‘We’re breaking the problem down into pieces,’ Bill Tempest had said to her, ‘so that each section works only on its piece. Only two people will have the total picture, the chairman and I. Your piece happens to be the most sensitive. That’s why we want you to handle it personally.’ She could hear his breath at the other end of the phone. It was short and shallow. He’d either been running or this issue was bothering him even more than he let on. ‘With you in Oz, you’re far from the action in our time zone, and we don’t want the guys in the US or the UK to get a whiff of what you’re doing.’
‘It is. And that’s also why it’s for your eyes only and no questions. No one gets to hear about this.’
‘Not even Larry?’
‘No one. Larry is Asia-Pacific region. This is Global. You are doing it for us. You talk to me and only me. Are we clear on that?’
‘Clear. But I have one question.’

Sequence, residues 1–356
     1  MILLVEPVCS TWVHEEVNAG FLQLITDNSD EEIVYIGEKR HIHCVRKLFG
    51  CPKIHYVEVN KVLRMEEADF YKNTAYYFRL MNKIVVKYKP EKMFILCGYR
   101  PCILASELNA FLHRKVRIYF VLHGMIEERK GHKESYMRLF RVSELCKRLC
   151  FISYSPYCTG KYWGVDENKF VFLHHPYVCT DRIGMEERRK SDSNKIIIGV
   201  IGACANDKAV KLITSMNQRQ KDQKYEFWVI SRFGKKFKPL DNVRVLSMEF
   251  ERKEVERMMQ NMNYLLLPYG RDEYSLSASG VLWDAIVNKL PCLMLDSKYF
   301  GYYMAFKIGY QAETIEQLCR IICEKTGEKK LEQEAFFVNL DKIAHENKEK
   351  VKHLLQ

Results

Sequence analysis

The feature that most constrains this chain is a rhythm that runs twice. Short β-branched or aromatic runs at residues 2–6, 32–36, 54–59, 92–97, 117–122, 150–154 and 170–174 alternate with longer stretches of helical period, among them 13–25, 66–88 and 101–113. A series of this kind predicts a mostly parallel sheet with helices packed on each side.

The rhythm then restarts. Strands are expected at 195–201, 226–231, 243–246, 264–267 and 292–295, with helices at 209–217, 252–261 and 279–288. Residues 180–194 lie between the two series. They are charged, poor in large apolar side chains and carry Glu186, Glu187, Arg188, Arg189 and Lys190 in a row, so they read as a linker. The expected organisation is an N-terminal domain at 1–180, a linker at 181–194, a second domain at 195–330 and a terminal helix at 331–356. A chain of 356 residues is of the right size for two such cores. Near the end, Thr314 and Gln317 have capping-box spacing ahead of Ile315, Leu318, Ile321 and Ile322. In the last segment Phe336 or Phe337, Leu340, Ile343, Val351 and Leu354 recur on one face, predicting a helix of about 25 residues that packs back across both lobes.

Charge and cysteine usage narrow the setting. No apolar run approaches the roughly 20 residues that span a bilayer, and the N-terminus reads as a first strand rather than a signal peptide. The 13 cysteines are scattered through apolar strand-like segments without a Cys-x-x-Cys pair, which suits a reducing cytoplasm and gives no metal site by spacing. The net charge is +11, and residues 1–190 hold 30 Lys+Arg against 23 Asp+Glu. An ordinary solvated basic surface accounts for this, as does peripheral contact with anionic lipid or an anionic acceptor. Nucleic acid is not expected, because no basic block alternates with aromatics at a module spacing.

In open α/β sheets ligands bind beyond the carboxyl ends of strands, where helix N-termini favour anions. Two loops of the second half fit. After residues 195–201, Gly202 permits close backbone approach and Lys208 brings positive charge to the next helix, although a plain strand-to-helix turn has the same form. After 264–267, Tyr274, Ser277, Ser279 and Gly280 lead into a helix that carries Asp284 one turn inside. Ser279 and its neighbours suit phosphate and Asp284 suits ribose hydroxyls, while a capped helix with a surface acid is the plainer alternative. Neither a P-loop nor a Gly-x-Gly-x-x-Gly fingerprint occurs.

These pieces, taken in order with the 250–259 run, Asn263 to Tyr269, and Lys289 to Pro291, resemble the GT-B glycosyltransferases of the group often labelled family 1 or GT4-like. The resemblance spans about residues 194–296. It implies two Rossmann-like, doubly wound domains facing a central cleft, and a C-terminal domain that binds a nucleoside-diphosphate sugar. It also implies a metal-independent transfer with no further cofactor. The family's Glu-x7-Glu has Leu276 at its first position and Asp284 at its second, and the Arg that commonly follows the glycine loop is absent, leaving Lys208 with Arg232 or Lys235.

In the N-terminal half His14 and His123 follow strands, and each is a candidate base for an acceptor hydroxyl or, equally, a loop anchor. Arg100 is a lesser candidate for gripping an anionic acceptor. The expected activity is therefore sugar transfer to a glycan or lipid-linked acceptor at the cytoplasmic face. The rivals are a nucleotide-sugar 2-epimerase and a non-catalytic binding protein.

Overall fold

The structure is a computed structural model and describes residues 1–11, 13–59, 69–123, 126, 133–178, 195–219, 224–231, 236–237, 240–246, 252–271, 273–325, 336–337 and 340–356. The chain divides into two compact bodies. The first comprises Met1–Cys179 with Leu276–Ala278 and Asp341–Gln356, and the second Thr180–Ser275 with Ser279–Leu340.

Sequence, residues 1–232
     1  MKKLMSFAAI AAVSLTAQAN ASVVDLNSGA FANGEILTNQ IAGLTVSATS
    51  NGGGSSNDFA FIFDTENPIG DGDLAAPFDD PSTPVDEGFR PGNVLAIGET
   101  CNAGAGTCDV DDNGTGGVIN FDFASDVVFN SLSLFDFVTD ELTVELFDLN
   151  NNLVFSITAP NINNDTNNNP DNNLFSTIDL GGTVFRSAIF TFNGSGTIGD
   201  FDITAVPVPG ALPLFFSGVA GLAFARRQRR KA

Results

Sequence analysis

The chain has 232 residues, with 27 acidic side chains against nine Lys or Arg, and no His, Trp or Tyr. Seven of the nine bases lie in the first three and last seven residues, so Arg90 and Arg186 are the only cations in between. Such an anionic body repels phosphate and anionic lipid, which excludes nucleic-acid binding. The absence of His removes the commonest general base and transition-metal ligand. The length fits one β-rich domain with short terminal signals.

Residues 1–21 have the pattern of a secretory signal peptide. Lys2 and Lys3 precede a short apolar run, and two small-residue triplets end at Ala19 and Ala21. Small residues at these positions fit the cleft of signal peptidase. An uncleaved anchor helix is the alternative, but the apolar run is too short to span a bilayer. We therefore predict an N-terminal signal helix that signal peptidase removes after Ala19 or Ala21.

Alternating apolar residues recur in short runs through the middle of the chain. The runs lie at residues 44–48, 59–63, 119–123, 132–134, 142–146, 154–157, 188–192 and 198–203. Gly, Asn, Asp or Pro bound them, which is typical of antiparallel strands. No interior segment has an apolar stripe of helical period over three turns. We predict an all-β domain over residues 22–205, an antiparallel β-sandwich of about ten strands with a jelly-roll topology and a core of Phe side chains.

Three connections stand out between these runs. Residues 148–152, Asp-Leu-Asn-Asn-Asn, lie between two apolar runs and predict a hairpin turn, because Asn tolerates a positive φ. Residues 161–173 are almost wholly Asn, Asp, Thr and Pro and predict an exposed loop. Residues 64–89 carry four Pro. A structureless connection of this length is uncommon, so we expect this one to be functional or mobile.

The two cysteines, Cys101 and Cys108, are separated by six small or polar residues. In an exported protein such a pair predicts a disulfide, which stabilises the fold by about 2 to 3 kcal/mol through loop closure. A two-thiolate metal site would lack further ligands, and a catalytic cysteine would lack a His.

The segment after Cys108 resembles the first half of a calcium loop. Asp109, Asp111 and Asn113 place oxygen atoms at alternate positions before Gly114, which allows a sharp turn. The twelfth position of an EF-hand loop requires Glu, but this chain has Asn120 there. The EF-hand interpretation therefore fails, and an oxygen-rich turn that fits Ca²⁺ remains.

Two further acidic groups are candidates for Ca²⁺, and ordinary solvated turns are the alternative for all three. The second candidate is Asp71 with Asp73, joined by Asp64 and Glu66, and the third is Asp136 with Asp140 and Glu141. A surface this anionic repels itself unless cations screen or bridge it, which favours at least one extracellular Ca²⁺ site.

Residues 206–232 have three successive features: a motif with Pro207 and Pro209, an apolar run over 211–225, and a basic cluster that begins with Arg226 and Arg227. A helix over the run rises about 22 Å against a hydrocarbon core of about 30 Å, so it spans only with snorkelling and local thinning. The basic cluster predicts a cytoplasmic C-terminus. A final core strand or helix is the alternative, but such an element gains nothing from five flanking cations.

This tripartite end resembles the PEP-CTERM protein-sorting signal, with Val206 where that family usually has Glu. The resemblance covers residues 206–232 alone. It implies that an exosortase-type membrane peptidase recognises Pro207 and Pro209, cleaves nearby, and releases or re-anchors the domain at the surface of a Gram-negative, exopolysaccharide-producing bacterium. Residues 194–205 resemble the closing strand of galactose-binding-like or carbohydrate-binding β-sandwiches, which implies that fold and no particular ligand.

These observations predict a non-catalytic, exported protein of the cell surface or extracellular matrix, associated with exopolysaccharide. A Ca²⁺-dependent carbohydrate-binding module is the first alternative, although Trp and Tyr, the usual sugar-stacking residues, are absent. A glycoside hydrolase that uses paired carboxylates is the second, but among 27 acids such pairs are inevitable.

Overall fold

‘I’m booked to go on holiday for a week to the Barrier Reef, with a friend who’s coming half way across the world to join me. Should I cancel?’
‘When are you scheduled to leave?’
‘Friday. Day after tomorrow.’
‘How long in total?’
‘A week. Maybe ten days.’
‘Don’t cancel. Go. There should be no changes in anyone’s routine. I’ll be sending you an encoded email. It’ll be self-explanatory. Read it, work on the attachment, send it back to me when you’re finished and delete it from your system. I need it by sparrow fart Thursday morning my time. Okay?’
‘Do you want me to keep myself available for follow up?’
‘No. Frankly, it suits me that you’ll be away on vacation. If you’re not around, no one will be able to ask you questions. Just go about your normal business when you get back. Hopefully we can contain this thing to keep it out of the public eye.’
The phone line had gone dead. No goodbye. No nothing.